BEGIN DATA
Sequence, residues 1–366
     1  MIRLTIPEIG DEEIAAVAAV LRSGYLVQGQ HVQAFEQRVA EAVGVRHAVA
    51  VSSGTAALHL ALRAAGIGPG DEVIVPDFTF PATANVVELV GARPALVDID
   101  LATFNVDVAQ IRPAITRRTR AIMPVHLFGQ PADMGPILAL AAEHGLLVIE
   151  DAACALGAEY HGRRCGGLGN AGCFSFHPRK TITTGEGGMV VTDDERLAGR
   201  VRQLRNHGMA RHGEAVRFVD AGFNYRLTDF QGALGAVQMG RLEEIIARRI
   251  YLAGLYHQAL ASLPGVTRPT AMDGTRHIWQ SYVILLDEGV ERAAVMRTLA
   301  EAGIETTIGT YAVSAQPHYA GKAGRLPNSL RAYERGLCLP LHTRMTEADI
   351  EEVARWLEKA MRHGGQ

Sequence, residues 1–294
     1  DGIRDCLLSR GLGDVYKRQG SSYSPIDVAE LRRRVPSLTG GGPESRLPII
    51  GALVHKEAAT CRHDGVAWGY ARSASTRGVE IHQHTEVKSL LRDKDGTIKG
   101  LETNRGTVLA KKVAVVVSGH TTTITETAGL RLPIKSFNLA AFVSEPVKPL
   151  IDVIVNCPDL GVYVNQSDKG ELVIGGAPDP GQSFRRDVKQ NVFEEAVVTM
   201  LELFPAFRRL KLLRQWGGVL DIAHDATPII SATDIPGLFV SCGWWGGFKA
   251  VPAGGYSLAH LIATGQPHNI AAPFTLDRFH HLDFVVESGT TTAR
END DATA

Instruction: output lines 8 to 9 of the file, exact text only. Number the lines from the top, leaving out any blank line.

   301  EAGIETTIGT YAVSAQPHYA GKAGRLPNSL RAYERGLCLP LHTRMTEADI
   351  EEVARWLEKA MRHGGQ